You’ve setup your store with painstaking detail, crafted the perfect combination of product offerings, and made it as human-friendly as possible. But are you also making sure the search engine robots are happy?
If you are not paying attention to the robots that crawl your store, it may cost you exposure to future shoppers (and therefore money). Have no fear, I’ve put together a list of the top the top 4 most important things to know so your store will keep the robots happy and coming back for more.
What better place to start pleasing the robots than a file built specifically for them: Robots.txt.
The robots.txt file lets the robots know which sections of your site it can crawl, with two important caveats:
The robots.txt file can be used to keep well-behaved bots such as Google and Bing out of sections of your store that you do not want to appear in search engine results. This is basically the sledgehammer approach to excluding large portions of your site from the search engines.
If you have an entire directory or section you want to always exclude, then robots.txt may be the right tool for the job. However, use caution as the robots.txt file may prevent search engines from crawling pages. If a robot is unable to crawl a page on your store, it will not be able to read things such as the Meta Robots tag listed below.
Create a robots.txt file and place it at the root of your store (i.e. - “http://example.com/robots.txt”). This file should be publicly accessible. Here is an example robots.txt that blocks access to a /secret directory.
User-agent: * Disallow: /secret/
The Meta Robots tag let’s you control search-engine behavior at the page-level for your store. If the robots.txt is the sledgehammer, the meta robots is the scalpel.
There are two main components you can control with meta robots:
You should use meta robots within your store to exclude specific pages on your site from being indexed or crawled. For example, if you have a page that doesn’t provide much value from a search engine point of view, such as a sizing chart, you may choose to have robots skip this page during their crawl. Google in particular has penalized e-commerce stores for “thin content” issues starting back in 2012 it is important to make sure you are presenting your best content to the search engines in today’s search landscape.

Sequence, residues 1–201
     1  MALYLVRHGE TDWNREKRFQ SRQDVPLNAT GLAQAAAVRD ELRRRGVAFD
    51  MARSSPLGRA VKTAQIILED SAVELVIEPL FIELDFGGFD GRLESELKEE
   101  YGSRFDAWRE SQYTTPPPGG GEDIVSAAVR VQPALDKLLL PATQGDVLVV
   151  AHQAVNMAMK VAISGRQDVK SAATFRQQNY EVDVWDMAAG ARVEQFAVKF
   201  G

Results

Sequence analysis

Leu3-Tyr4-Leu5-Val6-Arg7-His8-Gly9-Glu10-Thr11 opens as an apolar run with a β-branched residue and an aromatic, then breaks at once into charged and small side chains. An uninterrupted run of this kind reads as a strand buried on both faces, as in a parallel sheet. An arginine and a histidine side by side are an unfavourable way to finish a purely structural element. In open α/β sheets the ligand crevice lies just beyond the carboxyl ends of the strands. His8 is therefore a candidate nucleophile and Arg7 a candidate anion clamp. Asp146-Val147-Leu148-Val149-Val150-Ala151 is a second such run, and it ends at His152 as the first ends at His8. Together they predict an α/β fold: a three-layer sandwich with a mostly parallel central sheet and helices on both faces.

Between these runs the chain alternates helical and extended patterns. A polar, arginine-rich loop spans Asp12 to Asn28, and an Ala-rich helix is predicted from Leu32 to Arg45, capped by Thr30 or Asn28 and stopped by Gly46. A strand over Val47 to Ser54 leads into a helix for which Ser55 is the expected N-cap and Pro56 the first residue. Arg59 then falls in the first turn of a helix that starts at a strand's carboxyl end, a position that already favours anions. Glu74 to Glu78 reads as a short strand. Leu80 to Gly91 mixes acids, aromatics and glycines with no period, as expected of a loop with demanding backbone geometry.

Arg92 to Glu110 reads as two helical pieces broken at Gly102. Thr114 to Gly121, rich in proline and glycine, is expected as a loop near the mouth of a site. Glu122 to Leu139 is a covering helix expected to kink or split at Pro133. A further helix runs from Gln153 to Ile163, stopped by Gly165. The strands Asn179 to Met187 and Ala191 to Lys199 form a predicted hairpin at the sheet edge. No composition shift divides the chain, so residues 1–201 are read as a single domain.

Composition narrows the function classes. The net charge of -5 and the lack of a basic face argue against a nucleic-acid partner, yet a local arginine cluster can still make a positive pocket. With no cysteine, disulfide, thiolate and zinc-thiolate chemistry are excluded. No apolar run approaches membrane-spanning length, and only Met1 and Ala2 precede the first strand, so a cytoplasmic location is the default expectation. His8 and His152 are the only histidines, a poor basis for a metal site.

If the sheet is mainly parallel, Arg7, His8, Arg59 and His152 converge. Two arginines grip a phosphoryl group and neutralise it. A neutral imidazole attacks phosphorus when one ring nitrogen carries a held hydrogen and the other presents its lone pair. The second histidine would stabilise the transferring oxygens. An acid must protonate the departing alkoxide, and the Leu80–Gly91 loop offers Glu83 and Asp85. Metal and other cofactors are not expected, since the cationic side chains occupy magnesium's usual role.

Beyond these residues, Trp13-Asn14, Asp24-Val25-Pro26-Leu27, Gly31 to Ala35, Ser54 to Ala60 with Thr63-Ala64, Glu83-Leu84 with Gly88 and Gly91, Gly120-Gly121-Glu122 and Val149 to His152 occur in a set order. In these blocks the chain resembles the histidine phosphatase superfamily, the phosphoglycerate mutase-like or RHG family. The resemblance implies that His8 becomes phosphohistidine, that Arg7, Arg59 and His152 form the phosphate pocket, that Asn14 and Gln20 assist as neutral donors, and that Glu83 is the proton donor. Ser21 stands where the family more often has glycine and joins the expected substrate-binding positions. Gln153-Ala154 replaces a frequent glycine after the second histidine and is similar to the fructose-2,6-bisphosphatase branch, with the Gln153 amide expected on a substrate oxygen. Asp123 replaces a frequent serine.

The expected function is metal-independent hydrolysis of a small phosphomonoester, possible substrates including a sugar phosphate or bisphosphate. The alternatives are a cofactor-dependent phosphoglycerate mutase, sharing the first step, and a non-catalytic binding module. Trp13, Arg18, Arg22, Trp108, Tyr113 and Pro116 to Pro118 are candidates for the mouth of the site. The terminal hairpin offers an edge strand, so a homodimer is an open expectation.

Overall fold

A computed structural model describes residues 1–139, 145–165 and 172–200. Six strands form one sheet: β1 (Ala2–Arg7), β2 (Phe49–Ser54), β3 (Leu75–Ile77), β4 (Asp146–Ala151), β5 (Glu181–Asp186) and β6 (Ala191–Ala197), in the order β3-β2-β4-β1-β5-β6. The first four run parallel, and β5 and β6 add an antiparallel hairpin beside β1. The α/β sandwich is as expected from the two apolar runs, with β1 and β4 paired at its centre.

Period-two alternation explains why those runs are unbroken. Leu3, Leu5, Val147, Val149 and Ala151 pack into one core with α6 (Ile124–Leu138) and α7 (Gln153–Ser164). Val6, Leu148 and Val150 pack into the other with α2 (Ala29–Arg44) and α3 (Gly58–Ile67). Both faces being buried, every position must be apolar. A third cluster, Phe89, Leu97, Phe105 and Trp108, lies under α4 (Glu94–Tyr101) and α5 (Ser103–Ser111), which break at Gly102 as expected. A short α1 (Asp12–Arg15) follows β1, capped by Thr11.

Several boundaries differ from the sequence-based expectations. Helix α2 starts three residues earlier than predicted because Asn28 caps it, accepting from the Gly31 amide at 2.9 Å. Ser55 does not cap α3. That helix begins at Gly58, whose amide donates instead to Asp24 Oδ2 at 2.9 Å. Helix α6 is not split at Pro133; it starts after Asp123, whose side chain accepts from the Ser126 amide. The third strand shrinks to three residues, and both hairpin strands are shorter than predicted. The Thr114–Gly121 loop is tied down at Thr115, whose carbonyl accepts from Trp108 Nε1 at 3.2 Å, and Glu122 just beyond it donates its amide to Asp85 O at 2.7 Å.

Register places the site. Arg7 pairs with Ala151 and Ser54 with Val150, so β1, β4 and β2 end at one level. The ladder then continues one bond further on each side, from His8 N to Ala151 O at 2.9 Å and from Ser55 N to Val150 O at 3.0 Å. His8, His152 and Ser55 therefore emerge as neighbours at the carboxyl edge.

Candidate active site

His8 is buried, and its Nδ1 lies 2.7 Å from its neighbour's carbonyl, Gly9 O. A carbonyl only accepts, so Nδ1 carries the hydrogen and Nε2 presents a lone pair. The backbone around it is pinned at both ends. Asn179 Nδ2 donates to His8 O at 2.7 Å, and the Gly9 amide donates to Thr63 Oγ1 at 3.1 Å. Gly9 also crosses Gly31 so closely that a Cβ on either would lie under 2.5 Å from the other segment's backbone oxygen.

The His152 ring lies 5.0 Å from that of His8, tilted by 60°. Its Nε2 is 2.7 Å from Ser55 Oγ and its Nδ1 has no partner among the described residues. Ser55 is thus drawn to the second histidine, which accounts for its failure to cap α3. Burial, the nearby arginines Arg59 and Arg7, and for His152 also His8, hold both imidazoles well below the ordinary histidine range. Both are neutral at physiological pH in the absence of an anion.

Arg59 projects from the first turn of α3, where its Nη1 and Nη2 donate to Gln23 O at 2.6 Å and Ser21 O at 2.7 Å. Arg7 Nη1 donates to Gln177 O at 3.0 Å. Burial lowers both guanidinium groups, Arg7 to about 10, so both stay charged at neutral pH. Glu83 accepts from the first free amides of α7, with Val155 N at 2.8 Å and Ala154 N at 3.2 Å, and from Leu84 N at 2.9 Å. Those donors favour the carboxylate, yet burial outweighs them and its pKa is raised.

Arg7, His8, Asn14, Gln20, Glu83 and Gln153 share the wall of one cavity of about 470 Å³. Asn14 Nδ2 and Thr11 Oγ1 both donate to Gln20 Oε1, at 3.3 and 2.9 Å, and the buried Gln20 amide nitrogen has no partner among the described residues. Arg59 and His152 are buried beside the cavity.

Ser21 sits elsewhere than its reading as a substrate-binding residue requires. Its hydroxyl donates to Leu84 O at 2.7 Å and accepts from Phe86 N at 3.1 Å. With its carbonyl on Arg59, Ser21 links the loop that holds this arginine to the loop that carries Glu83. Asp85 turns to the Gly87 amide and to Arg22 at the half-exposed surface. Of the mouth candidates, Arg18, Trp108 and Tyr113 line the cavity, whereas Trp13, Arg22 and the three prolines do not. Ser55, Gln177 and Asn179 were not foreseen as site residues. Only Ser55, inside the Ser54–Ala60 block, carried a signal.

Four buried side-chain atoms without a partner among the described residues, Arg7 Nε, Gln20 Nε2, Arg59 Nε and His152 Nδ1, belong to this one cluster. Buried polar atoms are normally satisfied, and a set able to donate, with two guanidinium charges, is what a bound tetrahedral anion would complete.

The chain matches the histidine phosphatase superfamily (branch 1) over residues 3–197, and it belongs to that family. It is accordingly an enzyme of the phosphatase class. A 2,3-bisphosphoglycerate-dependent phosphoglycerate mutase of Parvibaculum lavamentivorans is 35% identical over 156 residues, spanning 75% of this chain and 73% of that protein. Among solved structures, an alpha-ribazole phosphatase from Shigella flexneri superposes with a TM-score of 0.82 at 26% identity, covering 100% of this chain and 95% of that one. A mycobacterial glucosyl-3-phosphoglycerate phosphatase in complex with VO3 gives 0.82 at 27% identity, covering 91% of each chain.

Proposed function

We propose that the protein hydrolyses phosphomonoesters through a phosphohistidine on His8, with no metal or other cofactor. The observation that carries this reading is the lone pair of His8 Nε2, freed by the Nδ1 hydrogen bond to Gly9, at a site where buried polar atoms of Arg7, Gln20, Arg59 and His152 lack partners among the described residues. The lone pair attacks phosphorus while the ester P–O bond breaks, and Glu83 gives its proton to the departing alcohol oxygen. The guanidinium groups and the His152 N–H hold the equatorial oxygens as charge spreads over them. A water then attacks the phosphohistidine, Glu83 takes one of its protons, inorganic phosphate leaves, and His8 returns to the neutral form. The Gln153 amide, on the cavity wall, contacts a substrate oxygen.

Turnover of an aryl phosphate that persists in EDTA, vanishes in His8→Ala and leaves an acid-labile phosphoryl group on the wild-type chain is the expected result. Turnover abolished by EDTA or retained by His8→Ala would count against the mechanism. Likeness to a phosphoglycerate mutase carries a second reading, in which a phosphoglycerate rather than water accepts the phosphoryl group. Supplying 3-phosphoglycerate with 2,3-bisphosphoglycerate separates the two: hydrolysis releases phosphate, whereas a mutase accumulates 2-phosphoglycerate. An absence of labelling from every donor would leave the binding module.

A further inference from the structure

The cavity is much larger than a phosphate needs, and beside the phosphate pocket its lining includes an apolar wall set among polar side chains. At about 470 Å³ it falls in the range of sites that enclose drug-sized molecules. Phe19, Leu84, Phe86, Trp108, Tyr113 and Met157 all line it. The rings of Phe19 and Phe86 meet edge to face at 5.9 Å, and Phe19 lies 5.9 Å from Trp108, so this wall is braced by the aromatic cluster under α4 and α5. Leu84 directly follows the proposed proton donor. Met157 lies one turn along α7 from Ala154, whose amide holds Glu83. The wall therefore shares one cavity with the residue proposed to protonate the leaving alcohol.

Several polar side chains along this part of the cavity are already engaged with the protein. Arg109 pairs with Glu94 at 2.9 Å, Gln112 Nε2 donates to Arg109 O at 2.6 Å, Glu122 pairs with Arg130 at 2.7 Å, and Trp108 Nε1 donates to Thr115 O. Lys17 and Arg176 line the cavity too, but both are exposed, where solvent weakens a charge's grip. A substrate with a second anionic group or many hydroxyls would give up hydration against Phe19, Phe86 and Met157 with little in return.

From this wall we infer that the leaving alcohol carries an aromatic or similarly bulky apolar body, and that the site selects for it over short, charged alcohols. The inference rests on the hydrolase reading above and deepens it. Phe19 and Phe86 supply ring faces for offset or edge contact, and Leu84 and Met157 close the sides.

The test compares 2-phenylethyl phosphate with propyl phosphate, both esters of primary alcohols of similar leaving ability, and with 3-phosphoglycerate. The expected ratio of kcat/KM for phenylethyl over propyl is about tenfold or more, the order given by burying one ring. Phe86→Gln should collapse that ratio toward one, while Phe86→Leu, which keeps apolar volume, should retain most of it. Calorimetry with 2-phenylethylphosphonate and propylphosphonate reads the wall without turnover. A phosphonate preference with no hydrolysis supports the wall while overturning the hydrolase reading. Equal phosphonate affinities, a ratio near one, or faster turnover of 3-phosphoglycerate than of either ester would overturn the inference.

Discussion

The default for meta robots is “index, follow”. The most common use of meta robots outside of the defaults is “noindex, follow”, which means “Don’t index this page, but continue crawling the links on this page”.
Here are a few cases you may consider using meta robots within your store:
The Meta Robots tag is placed in the HTML HEAD section of each page in your store’s website:
1 2 3 4 5 <html> <head> <meta name="robots" content="noindex, follow"> </head> </html>
If Meta Robots is the scalpel, that would make the Rel Nofollow approach the… needle? Rel nofollow let’s you control the way robots crawl your store for each web link within your page. In other words, the Rel Nofollow is a way to inform the robots which links you do NOT want them to follow. Robots may choose to ignore this directive, so consider it more of a suggestion than a rule.
In general, rel=“nofollow” technique has largely fallen out of favor and should not be used to control robots and crawling within your store. The Meta Robots technique should be used instead in this case.
However, there are two legitimate cases for adding rel=“nofollow” to outbound links from your store:
Links are still a primary search engine signal for passing around trust and authority. As a result, Google has cracked down in recent years to prevent abuse via updates such as the Google Penguin update.
Just add rel=“nofollow” to any web link you want to nofollow like so:
1 <a href="example.com" rel="nofollow">Some link</a>
Canonicalization is a way to let the robots know which url on your website you want to attribute to a given page within your store. Duplicate content can negatively impact your site with the search engines, so Canonicalization is a tool to aid the robots in determining which content should actually be treated the same on your store.
You should really be using Canonicalization for all pages within your store. On most stores, it is possible to get to the same exact content at different urls which may really confuse search robots and possibly result in a penalty for your store.
Common examples of duplicate content issues within stores include:
You can setup canonical urls by adding the following to the HEAD section of your HTML for each page like so:
1 2 3 4 5 <html> <head> <link rel="canonical" href="https://yourstore.com/some-widget" /> </head> </html>
To summarize, you’ve learned the following key techniques to help keep your store robot-friendly:
If you have any questions or would like to share your experiences with any e-commerce robot techniques, leave a comment below.